[IMGCAP(1)]When I graduated from college and moved to California in 2003, the housing market was already running away from reality. All level-headed signs pointed to a bubble. John Talbot's The Coming Crash in the Housing Market hit the nail on the head, or so I believed. I saw Talbot speak in Palo Alto in 2005, defending his well-researched hypothesis, and he nearly got run out of the auditorium.
The insanity lasted longer than we (probably John, myself, and the three other housing bears) thought. Housing ran up parabolically until 2006, and did not roll over in earnest until 2008. In July 2010 I wrote a renter's manifesto in which I declared I'd never buy a home.
And for the past 22 months, we've happily rented a 2 bed, 2 bath condo, which I believe was originally intended for sale around the $500K mark, for $1650/mo., far less than the mortgage payment alone would have been.
Since that time, the facts have changed; at least in my local market of Sacramento. And when I say facts, I mean prices, which have continued to collapse at a breathtaking double-digit annual rate in percentage terms. Headlining the Sacramento Bee on Sunday was a report that median housing prices in Sacramento have reached two-decade lows when adjusted for inflation. Now THAT'S a bear market!
“Median prices for new and existing homes in the Sacramento region, adjusted for inflation, have dropped to their lowest levels in at least two decades – even below the doldrums of the last housing bust in 1995, according to a Bee review of data from CoreLogic, a real estate tracking firm.
The median price of homes in the Sacramento region was $178,000 during the last quarter of 2011. That's 10 percent below the median from the previous year and 58 percent below the median from 2005.” (Source: Sacramento Bee)
Sacramento County sports a thin six weeks of official inventory—though the "shadow" inventory of foreclosures-to-be is a significant un-quantified overhang. Still, with mortgage rates at historic lows, the local housing market malaise is puzzling on paper—perhaps until you consider that most current home owners are underwater!
We're now seeing homes listed in the midtown area (where the action is) for less than $200/square foot. I was shocked to find things this cheap, as I hadn't paid attention to the local real estate market much in the past three or four years.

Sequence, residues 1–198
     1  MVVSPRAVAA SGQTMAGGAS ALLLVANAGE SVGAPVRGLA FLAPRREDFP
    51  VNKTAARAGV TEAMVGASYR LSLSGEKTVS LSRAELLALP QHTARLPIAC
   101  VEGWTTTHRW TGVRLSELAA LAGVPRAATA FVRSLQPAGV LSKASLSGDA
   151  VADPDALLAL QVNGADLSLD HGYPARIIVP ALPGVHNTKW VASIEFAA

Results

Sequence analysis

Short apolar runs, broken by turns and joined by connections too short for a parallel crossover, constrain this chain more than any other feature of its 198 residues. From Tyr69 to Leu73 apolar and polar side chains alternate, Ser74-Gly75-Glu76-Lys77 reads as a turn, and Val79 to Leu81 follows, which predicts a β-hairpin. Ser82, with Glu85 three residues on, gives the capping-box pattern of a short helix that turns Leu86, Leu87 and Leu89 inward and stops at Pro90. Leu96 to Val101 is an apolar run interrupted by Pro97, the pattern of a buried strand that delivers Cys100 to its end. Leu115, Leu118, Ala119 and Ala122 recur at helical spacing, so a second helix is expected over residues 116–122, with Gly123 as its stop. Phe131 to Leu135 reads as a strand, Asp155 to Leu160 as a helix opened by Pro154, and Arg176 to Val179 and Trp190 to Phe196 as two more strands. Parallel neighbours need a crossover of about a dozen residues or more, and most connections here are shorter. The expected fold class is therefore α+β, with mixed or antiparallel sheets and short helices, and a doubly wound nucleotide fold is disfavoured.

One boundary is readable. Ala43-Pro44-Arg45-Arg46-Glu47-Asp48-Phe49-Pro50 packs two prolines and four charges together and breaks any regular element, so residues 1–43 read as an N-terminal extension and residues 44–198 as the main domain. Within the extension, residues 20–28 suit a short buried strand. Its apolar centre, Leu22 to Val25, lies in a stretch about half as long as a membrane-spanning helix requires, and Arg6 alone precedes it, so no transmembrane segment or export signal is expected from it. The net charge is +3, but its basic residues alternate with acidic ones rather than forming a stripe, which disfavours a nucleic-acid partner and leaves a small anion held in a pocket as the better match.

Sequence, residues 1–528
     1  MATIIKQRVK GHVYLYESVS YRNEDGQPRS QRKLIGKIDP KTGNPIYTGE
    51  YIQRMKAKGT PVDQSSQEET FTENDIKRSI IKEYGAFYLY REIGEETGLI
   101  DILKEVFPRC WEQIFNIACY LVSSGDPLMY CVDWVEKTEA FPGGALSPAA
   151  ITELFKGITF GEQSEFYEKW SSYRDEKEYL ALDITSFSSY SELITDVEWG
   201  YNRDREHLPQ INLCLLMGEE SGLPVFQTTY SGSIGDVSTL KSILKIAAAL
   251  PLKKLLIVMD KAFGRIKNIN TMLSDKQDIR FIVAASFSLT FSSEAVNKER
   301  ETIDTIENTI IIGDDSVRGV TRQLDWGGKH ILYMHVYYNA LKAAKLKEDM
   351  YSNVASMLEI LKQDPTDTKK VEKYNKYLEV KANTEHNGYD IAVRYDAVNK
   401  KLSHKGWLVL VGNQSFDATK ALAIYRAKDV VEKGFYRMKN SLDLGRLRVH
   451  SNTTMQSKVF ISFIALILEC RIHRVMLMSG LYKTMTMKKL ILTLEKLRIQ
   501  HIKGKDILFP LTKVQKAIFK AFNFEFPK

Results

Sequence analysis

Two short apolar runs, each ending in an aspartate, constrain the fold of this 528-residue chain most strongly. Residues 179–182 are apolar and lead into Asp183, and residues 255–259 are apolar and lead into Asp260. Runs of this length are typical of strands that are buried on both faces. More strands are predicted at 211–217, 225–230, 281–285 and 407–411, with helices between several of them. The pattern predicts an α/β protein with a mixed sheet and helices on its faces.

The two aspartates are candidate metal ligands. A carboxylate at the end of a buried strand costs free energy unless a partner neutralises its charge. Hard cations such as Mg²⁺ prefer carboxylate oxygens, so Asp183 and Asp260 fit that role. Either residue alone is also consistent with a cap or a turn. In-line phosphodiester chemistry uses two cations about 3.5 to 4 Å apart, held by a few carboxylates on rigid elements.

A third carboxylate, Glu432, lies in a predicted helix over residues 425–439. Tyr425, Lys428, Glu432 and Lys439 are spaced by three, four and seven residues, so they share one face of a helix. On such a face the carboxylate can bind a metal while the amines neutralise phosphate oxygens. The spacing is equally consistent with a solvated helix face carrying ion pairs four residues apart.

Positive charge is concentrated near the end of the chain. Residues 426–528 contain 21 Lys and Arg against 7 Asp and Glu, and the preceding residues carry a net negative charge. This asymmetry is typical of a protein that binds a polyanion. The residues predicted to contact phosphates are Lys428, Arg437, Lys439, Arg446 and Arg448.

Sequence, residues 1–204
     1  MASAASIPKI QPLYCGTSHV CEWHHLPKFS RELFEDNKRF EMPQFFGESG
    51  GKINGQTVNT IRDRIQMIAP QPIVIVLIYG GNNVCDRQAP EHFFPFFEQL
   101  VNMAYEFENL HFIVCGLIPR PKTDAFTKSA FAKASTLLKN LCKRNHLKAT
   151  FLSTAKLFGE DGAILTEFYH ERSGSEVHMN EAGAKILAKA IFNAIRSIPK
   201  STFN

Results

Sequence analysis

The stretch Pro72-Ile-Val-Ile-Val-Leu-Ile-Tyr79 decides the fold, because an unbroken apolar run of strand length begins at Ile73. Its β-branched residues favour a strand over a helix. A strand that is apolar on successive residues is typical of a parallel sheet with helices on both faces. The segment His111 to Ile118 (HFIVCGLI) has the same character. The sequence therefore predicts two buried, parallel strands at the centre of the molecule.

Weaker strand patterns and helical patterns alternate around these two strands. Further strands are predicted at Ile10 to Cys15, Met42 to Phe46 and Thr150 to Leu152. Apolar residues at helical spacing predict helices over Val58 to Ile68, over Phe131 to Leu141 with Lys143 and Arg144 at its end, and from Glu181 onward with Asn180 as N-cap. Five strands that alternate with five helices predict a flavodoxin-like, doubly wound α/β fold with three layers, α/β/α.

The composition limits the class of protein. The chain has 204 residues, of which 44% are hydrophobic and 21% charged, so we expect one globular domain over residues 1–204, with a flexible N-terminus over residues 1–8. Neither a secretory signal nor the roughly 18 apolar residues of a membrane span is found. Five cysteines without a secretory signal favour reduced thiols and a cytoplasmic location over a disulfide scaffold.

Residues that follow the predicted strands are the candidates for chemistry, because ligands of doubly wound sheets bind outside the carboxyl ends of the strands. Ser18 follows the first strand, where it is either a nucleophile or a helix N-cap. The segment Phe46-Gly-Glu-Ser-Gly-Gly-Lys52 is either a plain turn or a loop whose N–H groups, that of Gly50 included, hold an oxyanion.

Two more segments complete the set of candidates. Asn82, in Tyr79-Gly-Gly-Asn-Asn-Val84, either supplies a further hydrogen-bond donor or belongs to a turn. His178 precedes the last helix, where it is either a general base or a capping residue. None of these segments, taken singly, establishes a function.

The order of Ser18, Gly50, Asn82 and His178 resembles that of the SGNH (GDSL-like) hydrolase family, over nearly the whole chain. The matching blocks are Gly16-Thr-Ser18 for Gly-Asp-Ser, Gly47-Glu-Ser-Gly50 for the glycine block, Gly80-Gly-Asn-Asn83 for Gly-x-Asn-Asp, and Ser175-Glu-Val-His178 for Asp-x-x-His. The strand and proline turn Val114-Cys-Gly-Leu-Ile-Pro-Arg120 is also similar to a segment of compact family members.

We're still seeing lower highs and lower lows here in Sacramento - even in the most desirable neighborhoods. (Source: Trulia)
The wild card, however, is interest rates. If rates move up—and there's a lot more upside potential than downside from here—this will end up being the time you wish you bought. If rates continue to grind lower—a bet on Bernanke being able to tame the long end of the yield curve over an extended period—then waiting the housing market out may be the way to go.
After all, when thinking of 30-year mortgages, the goal is actually not to minimize the purchase price, but rather to minimize the monthly payment (provides we're talking about a traditional mortgage, of course).
Many otherwise good traders go broke trying to predict the direction of interest rates. So if we but away our crystal ball, step back, and look at this from a probabilistic standpoint, we're now seeing housing that's cheap, and rates that are low.
The Economist also recently took a look at global house prices, and concluded that U.S. prices were undervalued with respect to both rents and income (check out the piece and you'll see that much of the developed world appears quite a bit pricier than the US).
U.S. houses could get cheaper from here, and rates could go lower from here—but they are each at low enough levels for me to admit that I'm now intrigued.
Brett Owens is chief executive and co-founder of Chrometa, a Sacramento, Calif.-based provider of time-tracking software that records activity in real time. Previously marketed to the legal community, Chrometa is branching out to accounting prospects. Gains include the ability to discover previously undocumented billable time, saving time on billing reconciliation and improving personal productivity. Brett can be reached at 916-254-0260 and firstname.lastname@example.org.